Chapter 24 Introduction to Animals

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1 1 Chapter 24 Introduction to Animals I. Animal characteristics A. General Animal Features Multicellular B. Feeding and Digestion a. acquire nutrients from various sources obtaining nutrients unique to the animal a. intracellular digestion-inside of the cells ex. most digest their food in internal body cavities or organs C. Support Invertebrates a percent of all animals outside framework to protect organs support muscles Molt-shedding of old skeleton and replaced with larger skeleton refer to grasshopper notes internal framework ex. sea urchins, starfish a. animals with backbones backbones grow with animal backbones made of either calcium or cartilage support body protect organs D. Animals live in many habitats due to the variety of adaptations for feeding, digestion and support Land and aquatic biomes E. NO CELL WALLS!! All animals have cell tissues except sponges a. Tissues are a group of cells that are specialized to perform a specific function.

2 2 F. G. Examples of tissues in man muscle tissue epithelial tissue The evolution of nerve and muscle tissue allowed animals to become more complex and move quickly. The ability to move is important to the animal kingdom. Some animals are sessile/stationary as an adult but move during some stage of their development. a. ex. jellyfish ex. ex. sponge Sexual reproduction (male/female) a. most common defined-when sperm and egg meet to form a zygote (fertilized egg) External fertilization sperm and egg meet OUTSIDE of the body requires water (aquatic environment) ex.frog, fish, jellyfish, sponge sperm and egg meet INSIDE the body of the female a. budding fragmentation parthenogenesis ( eggs develop with no male) a. Mitosis (cell zygote now called an embryo) forms a solid ball of cells continues to divide to form a fluid-filled ball of cells continues to grow until the cells start to push inward forming a Gastrula-cells move inward in the blastula and forms a bubble inside a bubble the cells which do not continue to develop form the yolk sac to feed the developing organism 4. a. -inner layer of cells in the gastrula becomes the digestive tract Ectoderm-outer layer of cells in the gastrula becomes the nervous tissue and skin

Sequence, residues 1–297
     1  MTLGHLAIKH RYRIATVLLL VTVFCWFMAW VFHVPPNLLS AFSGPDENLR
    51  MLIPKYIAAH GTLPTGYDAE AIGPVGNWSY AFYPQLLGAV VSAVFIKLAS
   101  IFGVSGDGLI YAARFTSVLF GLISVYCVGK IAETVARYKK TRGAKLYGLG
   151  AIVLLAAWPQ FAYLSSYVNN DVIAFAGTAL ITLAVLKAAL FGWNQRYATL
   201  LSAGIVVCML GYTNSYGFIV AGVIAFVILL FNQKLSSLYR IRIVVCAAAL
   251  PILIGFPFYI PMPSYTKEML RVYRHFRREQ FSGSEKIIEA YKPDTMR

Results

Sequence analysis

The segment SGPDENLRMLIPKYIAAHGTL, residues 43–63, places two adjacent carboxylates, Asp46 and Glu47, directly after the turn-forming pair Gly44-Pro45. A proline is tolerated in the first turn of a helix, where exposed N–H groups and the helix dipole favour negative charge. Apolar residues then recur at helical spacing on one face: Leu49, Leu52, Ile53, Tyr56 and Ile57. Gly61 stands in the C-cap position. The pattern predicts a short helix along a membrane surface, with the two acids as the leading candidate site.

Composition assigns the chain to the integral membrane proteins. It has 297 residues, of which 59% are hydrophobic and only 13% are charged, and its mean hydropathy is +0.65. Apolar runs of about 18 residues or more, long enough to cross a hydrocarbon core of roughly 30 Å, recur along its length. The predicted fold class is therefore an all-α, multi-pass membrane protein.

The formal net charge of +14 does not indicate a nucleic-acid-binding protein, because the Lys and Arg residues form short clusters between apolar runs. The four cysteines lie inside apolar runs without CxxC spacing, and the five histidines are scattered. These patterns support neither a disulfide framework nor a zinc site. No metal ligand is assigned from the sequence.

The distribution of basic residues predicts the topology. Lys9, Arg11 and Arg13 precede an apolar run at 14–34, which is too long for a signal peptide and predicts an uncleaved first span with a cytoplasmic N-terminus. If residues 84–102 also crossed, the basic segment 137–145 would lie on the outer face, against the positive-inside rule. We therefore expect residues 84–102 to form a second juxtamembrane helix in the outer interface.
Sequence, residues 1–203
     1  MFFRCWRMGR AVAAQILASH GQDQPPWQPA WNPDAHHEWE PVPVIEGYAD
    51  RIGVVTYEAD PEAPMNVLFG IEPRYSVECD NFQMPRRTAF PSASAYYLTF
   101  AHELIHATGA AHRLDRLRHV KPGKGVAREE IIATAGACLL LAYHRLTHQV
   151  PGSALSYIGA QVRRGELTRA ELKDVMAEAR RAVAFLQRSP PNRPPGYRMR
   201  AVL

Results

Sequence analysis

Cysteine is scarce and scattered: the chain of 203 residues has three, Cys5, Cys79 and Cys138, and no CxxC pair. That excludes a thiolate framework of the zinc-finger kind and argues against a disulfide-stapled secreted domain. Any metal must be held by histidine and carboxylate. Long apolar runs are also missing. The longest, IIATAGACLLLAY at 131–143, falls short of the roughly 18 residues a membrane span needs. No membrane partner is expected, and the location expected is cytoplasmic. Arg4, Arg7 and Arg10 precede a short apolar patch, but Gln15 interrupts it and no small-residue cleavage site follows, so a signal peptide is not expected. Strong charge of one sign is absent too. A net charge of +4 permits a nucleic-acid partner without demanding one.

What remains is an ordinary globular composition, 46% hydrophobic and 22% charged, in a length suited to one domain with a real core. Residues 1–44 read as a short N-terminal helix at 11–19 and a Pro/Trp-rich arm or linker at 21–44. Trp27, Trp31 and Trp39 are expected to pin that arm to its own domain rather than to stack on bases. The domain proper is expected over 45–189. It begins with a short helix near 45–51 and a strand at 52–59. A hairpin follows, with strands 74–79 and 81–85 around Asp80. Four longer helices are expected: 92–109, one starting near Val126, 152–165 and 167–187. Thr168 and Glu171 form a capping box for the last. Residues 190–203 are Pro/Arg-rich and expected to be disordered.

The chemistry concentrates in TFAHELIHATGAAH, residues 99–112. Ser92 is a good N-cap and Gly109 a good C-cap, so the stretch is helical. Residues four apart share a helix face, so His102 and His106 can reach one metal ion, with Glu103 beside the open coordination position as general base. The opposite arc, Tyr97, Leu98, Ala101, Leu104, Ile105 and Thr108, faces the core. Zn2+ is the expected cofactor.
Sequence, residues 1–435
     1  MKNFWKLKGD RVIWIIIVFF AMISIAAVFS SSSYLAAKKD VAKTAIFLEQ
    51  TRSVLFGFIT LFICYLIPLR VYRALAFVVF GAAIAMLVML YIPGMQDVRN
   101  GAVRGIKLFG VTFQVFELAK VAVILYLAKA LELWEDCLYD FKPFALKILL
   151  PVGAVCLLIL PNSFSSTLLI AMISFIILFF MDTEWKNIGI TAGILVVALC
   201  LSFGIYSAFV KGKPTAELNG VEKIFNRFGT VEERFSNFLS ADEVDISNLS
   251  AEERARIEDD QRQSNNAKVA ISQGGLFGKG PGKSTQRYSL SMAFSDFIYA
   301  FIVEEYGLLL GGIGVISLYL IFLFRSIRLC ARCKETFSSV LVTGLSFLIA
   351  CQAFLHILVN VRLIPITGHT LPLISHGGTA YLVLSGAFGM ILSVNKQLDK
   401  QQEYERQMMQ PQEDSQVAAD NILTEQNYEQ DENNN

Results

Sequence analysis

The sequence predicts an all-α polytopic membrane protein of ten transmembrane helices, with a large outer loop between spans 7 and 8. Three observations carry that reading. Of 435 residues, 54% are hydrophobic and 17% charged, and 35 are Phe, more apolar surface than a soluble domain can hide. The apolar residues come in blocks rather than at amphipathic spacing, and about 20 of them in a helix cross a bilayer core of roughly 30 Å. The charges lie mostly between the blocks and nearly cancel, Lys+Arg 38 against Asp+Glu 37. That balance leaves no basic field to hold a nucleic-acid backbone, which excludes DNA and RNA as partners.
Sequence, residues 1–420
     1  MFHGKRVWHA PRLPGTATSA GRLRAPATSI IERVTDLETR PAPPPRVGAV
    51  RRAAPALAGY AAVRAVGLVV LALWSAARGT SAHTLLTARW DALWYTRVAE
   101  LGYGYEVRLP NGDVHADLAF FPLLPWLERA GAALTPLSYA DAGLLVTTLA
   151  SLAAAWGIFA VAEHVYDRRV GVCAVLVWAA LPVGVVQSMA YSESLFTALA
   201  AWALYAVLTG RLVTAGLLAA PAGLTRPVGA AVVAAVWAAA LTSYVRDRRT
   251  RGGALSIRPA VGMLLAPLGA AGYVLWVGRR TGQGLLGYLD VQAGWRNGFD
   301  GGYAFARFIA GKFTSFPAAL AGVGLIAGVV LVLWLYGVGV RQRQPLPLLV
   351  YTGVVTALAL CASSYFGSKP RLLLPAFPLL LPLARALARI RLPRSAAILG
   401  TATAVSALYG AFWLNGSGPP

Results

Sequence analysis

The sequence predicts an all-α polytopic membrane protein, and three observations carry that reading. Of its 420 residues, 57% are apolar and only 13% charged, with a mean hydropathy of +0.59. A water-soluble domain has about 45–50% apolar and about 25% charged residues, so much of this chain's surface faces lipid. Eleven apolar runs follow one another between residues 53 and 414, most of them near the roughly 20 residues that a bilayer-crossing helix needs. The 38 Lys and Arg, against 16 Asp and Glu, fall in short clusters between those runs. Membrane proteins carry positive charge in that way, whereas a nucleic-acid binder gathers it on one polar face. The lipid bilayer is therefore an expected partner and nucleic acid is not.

3 3 II. -middle layer of cells which grow between the endoderm and ectoderm in more advanced animals. becomes muscle, circulatory, respiratory and excretory systems. A. Evolution of Animal Body plans Animals without tissues-simplest Animals without segments B. Development of Tissues First branch on the evolutionary tree sponge has no tissue tissue development brought Phylum Cnidaria (jellyfish, coral, hydra) C. Symmetry-describes the similarity or balance among body structures of organisms a. irregular shape NO symmetry or order one cell layer a. organism can be divided along any plane (through the center) and have equal halves. ex. jellyfish, starfish BILATERAL SYMMETRY a. animal can be divided into mirror image halves along only one plane (cut). ex. dog, cat, fox, ant, you et three cell layers (ectoderm, mesoderm and endoderm) head region Anterior = head (nerve tissue) Dorsal-backside Ventral-underside or belly Remember V-neck sweater! Most animals move with their anterior portion moving first through the environment to be able to react quickly. D. COELOMATES a. animal with a fluid-filled body cavity (coelom) YOU, mammals, reptiles, et Key adaptation in the evolution of larger and more specialized body structures. e. animal could become larger and more active (high survival advantage) f. most advanced animal